St Petersburg Ballet Theatre



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Russia     2011 2008 
Irina Kolesnikova, Prima Ballerina of the Saint Petersburg Ballet Theatre, whose founder and General Director is Konstantin Tachkin, is one of my favourite Russian ballerinas. Tachkin’s theatre tours overseas for most of the year, but has not been to America yet and performs only rarely in Saint Petersburg. In Europe and other countries, Kolesnikova is well known and loved by the public and by the critics. Since 2007, the company has performed every year at the Théâtre des Champs Elysées and always sells out. This time, however, the tour was advertised not as the company’s tour but as the “Irina Kolesnikova Season”. Kolesnikova danced two evenings as Odette – Odile in “Swan Lake”, and one evening as Aurora in “Sleeping Beauty”. Her partner on tour was Evgeniy Ivanchenko, a lead soloist from the Mariinsky Ballet. All tickets, including the Director’s box were sold out long in advance of the tour. Kolesnikova was a huge success.

Kolesnikova has danced “Swan Lake” for many years and I was worried that she had “overdanced” the role of Odette – Odile. However, to my pleasure, her performance in “Swan Lake” looked fresh and, in many respects, surprising, almost as if it was her premier. There are no technical difficulties for Kolesnikova; she freely gave herself to the music and to her own physical and artistic interpretation of the role. There were many surprising moments of improvisation in her interpretation. The ballerina created around herself an atmosphere of a romantic legend, as enchanting in the scenes with the swans as in the Prince’s palace. Her beautiful poses, the beautiful movement of her arms, her captivating grace, musicality, and the cantilena of her dancing…

In his book on “Swan Lake”, A. Demidov wrote that the Odette character is a character “languishing in the slavery of femininity”. That is what I saw when Kolesnikova danced Odette several years ago. However, in Paris new colours appeared in Kolesnikova’s Odette. On the beat of Rothbart’s wings, she abandons the Prince, proudly straightens her back and tosses her head. She cannot prevent herself from subjugating herself to Rothbart’s evil will but her spirit is free. Although the notion, “languishing in the slavery of femininity” still obtains, occasionally the ballerina makes a slight change in the movements of her arms in order to underline the spiritual mood of her character. Thus, in the adagio with the Prince, Odette suddenly lifts one arm in the usual “Swan” manner and the other arm also makes a move upwards, when suddenly, bending at the wrist and elbow it falls down as if to show that her spirit does not believe it will be saved and liberated. This movement is repeated later by Odile in order to dispel the Prince’s doubts.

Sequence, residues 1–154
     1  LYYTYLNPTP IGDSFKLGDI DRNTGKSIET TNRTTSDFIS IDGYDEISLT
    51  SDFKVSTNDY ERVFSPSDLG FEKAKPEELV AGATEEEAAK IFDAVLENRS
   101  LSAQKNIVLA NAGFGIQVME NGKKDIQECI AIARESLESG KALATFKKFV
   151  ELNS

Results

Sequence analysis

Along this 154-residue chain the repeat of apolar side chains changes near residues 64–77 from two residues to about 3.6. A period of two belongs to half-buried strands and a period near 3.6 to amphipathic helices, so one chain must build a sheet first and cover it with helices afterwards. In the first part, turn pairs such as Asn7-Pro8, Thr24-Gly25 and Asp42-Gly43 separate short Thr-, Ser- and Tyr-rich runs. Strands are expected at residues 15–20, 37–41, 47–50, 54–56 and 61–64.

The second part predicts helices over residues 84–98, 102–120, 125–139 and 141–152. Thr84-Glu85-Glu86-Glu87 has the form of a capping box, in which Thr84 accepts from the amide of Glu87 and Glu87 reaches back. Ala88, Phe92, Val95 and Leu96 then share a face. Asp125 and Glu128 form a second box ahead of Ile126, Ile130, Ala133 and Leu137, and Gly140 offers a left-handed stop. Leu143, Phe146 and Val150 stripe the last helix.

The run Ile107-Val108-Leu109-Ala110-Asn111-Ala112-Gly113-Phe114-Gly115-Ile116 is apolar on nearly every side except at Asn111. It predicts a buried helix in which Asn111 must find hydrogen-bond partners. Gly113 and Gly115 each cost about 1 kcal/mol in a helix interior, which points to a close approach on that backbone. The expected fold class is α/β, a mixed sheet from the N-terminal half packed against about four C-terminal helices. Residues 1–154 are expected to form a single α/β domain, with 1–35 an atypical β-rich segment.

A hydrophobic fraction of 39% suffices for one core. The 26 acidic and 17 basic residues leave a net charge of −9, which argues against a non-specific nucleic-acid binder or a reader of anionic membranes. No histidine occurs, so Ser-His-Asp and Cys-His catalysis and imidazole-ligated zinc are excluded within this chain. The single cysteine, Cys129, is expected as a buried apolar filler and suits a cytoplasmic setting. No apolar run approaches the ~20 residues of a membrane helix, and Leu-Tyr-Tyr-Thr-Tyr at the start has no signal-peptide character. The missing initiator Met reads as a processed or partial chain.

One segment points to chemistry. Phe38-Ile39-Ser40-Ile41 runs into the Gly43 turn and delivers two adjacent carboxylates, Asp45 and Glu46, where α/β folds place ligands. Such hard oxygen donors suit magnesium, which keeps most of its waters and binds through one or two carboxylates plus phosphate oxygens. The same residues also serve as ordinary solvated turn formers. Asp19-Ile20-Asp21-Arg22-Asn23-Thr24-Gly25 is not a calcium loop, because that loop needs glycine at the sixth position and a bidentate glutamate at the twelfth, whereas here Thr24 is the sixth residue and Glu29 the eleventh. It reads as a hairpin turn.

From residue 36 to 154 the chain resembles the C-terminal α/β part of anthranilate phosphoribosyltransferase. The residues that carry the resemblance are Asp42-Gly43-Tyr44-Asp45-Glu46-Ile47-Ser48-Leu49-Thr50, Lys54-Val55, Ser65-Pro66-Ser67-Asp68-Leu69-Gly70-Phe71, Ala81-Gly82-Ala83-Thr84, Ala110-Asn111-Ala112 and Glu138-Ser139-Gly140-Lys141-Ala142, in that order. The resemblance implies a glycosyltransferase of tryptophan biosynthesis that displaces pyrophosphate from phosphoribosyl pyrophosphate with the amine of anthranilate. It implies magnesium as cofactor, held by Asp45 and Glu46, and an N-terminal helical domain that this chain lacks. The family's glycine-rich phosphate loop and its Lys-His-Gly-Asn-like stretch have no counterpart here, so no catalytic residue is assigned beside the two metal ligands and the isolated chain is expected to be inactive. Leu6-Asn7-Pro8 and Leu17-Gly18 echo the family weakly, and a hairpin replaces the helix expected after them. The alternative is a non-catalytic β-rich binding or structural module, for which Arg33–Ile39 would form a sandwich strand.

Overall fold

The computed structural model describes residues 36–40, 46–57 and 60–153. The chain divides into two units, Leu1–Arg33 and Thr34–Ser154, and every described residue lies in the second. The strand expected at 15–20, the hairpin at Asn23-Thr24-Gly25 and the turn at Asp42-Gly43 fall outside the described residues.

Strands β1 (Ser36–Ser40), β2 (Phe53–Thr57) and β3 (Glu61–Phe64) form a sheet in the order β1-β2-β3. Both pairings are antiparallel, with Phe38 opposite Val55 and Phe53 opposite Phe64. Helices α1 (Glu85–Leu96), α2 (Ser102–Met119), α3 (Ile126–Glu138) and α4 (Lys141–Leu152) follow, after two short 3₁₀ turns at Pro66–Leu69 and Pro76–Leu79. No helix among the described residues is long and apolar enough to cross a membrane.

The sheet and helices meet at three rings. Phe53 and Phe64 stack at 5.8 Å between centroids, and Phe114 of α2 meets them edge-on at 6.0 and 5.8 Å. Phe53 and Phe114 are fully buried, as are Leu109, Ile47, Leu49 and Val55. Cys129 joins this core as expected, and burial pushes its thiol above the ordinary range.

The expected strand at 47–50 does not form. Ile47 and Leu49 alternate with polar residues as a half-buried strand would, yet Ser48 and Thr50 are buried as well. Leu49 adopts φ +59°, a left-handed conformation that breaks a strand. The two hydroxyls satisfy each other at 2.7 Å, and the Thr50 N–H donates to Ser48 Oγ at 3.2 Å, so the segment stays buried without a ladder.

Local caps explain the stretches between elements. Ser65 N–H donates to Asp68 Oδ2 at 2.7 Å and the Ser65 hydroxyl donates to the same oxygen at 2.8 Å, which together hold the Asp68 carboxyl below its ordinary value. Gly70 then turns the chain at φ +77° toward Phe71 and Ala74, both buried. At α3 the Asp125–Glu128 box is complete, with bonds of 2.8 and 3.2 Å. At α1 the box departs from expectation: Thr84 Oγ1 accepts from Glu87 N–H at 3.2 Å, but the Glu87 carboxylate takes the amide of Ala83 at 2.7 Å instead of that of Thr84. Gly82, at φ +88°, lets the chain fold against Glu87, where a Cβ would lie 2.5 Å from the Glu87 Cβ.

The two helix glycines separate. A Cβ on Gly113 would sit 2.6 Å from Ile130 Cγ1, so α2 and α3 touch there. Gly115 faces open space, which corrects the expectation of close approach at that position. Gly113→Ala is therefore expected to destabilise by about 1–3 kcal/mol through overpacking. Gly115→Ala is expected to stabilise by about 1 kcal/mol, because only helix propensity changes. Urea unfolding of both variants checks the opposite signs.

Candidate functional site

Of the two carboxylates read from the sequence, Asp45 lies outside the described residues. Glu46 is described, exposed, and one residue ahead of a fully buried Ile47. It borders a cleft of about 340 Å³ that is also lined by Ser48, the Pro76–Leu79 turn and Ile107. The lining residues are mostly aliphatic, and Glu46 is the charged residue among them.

Kolesnikova’s Odile appears at the Prince’s ball in a state of feverish excitement; but this exaltation suggests trepidation. I feel that she is simultaneously quite the earthbound antithesis of Odette and a sinister persona from gothic romanticism. When Kolesnikova dances Odette it is exquisitely sensual, and when she dances Odile something almost bacchanalian comes to the fore. Then suddenly her face freezes as if it has lost all expression. Odile casts a spiteful, sharp glance into the darkness of the auditorium and you get the feeling that a malicious, occult figure has just revealed itself from beneath the mask of a smiling female face.

The company is dancing K.M. Sergeev’s redaction of “Swan Lake”, the first and last scene of which have become desperately old-fashioned. The nonsensical happy end disrupts everyone who performs in this ballet, Kolesnikova included.

Evgeniy Ivanchenko is not one of those especially emotional dancers, but he is good-looking, noble and well proportioned. Most importantly, his is undoubtedly a blue-blooded prince. Ivanchenko is a dancer “of the old school”; he knows what he is doing on stage, you never see him waiting for his variations, and he is constantly engrossed in what is going on on stage. The way he dances, his poses and gestures are elegant; his jump – high and soft. Not once does he transgress against the beauty of classical dance. As partners, Kolesnikova and Ivanchenko looked fine together.

The company consists of dancers with different levels of talent but performs classical ballets in fine style.

Everything seems to be going as well as it possibly can for Kolesnikova, but her international success notwithstanding, she has one obstacle in her way: a limited repertoire.

The company tours a world in which Russians are expected to perform classical ballets. Therefore, in the history of ballet this marvellous ballerina is at risk of being considered as just one of the best performers of Odette – Odile. Kolesnikova has danced in Peter Schaufuss’ company, in his new ballet entitled “Divas”. Irina danced the role of Judy Garland, the famous American film actress. I read some rapturous reviews, but this ballet is her only experience of performing contemporary dance, just an episode in her biography. She of course is the Swan, the bewitched queen of the fairy tale, in all her gentleness, sensitivity and inescapable sorrow. She is a unique Russian dancer who exists in a different world to the colossuses of the Bolshoi and Mariinsky theatres. It can be said that she represents Russian ballet in many countries on her own. On her own and admirably.

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